It is silly rumour time again, with the iPhone 5S, iPhone 6 and an iPhone Lite all making appearances.

To start with (without shooting the messenger) Neil Hughes on AppleInsider reports on the comments of Barclays analyst, Ben A. Reitzes, speculates that Apple will produce a low-end iPhone to hook customers, which shows how little he knows about Apple: note to Barclays, put this man on lite duties, more suited to his imagination.

Now that the iPad had a half-point update, there is speculation that the iPhone itself could see the same sort of evolution, which would not go down well in some quarters. Electronista carries a report that claims to include photographs of the iPhone 5S which has some subtle changes to it, particularly the back.

MacWorld has the same pictures, but David Price is not sure if this is the iPhone 5S or the iPhone 6, but does add, "Sorry about the watermarks and straw-clutching rumourmongering". Or maybe something under development for next year? No point asking Apple of course.

It seems that the excitement is due to the perceived change in the position of screw holes in the backplate.

Well, now, here is a rumour that we can believe in as it comes from Tim Cook, albeit by way of Don Reisinger. This may also steady the helm after all those share fluctuations and manipulations. Cook told Bloomberg that some Mac production is moving to the US (delighting some politicians and Donald Trump, no doubt). Apple is investing $100 million to produce Macs in the U.S., although it will not be by Apple. Foxconn? And right on cue (or at least overnight), Tim Culpan on Bloomberg reports that, indeed, Foxconn is seeking to build in the US.

The full Bloomberg interview is also available online.

The information about the production of Macs in the US also appeared in the TV interview that Cook did with Brian Williams on NBC (I wonder if we shall see that here), Ronnie Polidoro reports on RockCenter (NBC News). There is a 2:23 section of the interview on that page in which Cook talks about the US manufacture of Macs and Apple components, giving a very diplomatic answer about the skill sets that have been lost. Cook also makes the point that many commentators ought to take on board (but so far have not) that Steve Jobs told him to never ask the question, "What would Steve have done?"

That was only a small section of the full interview as Neil Hughes reports on AppleInsider that Cook also hinted a little about the TV system that Apple has been rumoured to have been working on for a while.

In a later report on the interview, from Jacqui Cheng on Ars Technica, we were told that among the subjects that were discussed was the ouster of Scott Forestall: Cook apparently made "a carefully even-handed comment about the value of collaboration at Apple." Now I really do want to see this TV interview, or at least a transcript.

I had a thought about the US-manufacture of Macs last night and wondered what it might be. I initially thought of the Mac Pro as Cook had made promises about this last year, but for an investment of $100 million (albeit this could be both for the future and a political statement), I do not think the volume numbers are there for this model. Alexander Hoffman on MangChutney thinks this is possible, and he also thinks it is not a political statement, but that the control aspect (I agree on that) is important.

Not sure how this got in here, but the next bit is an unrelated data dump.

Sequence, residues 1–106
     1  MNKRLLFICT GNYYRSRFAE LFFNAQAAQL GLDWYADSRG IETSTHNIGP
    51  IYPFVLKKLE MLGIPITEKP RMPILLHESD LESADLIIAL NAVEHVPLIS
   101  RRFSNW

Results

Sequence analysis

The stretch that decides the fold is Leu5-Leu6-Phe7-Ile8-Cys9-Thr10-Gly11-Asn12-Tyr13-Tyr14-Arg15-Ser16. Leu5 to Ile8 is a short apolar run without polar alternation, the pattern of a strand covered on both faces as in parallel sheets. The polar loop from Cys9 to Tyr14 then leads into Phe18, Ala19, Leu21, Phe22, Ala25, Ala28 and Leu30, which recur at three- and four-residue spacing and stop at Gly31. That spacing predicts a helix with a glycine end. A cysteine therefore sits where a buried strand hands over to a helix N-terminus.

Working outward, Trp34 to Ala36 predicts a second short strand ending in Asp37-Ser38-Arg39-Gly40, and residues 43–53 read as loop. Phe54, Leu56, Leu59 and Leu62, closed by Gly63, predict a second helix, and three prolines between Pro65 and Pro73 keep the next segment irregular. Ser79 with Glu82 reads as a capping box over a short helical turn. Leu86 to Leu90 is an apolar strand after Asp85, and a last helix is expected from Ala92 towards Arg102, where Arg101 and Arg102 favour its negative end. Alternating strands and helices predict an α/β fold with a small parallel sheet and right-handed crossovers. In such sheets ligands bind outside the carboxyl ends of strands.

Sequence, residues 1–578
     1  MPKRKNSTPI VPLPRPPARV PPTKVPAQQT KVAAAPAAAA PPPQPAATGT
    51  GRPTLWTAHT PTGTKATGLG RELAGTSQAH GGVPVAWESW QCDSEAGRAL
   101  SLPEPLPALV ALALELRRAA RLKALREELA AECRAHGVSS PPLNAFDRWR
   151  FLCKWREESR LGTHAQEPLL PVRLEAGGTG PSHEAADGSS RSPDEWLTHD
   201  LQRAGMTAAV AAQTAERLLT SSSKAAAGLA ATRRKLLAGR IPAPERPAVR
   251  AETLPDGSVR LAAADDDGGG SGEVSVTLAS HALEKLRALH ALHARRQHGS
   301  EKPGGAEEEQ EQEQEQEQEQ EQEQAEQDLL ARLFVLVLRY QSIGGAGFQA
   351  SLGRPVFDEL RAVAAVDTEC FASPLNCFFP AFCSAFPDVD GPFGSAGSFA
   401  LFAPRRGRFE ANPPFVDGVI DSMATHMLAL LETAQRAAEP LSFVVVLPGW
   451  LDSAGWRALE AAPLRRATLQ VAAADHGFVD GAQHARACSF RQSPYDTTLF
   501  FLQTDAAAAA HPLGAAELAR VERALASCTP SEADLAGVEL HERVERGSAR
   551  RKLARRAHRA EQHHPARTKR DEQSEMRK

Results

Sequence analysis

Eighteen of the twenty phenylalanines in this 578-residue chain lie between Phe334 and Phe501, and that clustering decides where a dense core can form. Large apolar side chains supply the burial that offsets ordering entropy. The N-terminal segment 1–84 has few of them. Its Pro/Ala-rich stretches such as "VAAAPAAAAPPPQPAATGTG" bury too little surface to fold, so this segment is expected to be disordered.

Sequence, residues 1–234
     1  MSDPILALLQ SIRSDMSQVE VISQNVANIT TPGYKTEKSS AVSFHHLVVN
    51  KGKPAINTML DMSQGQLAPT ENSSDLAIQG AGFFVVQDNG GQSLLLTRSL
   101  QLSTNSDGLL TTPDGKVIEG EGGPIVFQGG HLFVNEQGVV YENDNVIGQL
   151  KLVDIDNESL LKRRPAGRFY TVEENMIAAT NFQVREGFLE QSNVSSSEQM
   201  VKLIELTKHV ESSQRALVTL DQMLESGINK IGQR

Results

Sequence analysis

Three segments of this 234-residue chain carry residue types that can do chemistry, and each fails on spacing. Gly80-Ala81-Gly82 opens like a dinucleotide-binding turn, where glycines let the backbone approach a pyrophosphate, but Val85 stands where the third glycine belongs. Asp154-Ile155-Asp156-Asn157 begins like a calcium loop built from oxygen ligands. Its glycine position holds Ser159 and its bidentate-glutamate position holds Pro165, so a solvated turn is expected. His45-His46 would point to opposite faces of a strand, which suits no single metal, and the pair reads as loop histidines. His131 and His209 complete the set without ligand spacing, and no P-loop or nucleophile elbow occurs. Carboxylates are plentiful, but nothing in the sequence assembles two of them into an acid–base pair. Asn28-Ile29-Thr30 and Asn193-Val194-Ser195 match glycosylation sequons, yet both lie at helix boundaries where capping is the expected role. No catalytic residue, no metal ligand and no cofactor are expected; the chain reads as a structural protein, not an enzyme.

If not the Mac Pro, what else? The Mac mini is not a contender in my view as the size makes it a good candidate for transportation; while the iMac is possible, especially as there have already been a few of these seen with a MAde in America label. With the all in one motherboard, the glass made in Kentucky and other components more easy to handle, this could work. But then there are those MacBook Pro computers that often have some newer technology inside that Apple would prefer to keep quiet. . . .

The earth experienced a minor ripple this week when it was announced that the News Corporation interpretation of a newspaper on a tablet, The Daily, was to fold. In the context of other changes announced at News Corp this week, and the wake of the Leveson Report, this was small beer. Nonetheless it deserved some comment as it had been a brave attempt and a vote of confidence in the iPad. Or so it seemed. I was never convinced. Don't get me wrong, I thought the Go-for-it decision by Murdoch was great, but the execution never got it right. I put some words online on Tuesday to cover my ideas. I have not been the only one of course, and MG Siegler on Tech Crunch (always worth reading even when he is wrong) has some harsh words on the magazine content that appears on the iPad, although he does start with mention of The Daily. This time, Siegler is right on the button.

It was not unexpected to hear that Apple has seeded a second build of the next update to OS X (10.83.) although what is new is that it was sent out via the App Store, MacNN reports, among others.

While on updates to OS X, Steve Sande reports on a survey done by a company called Net Applications that looks at operating system and browser adoption rates by checking stats. It was found that "Apple's OS X 10.6 (Snow Leopard), 10.7 (Lion) and 10.8 (Mountain Lion) have been adopted by Mac users at a rate about three times that of Windows 7. And Windows 8 is apparently way behind that (as long as you don't ask Ballmer).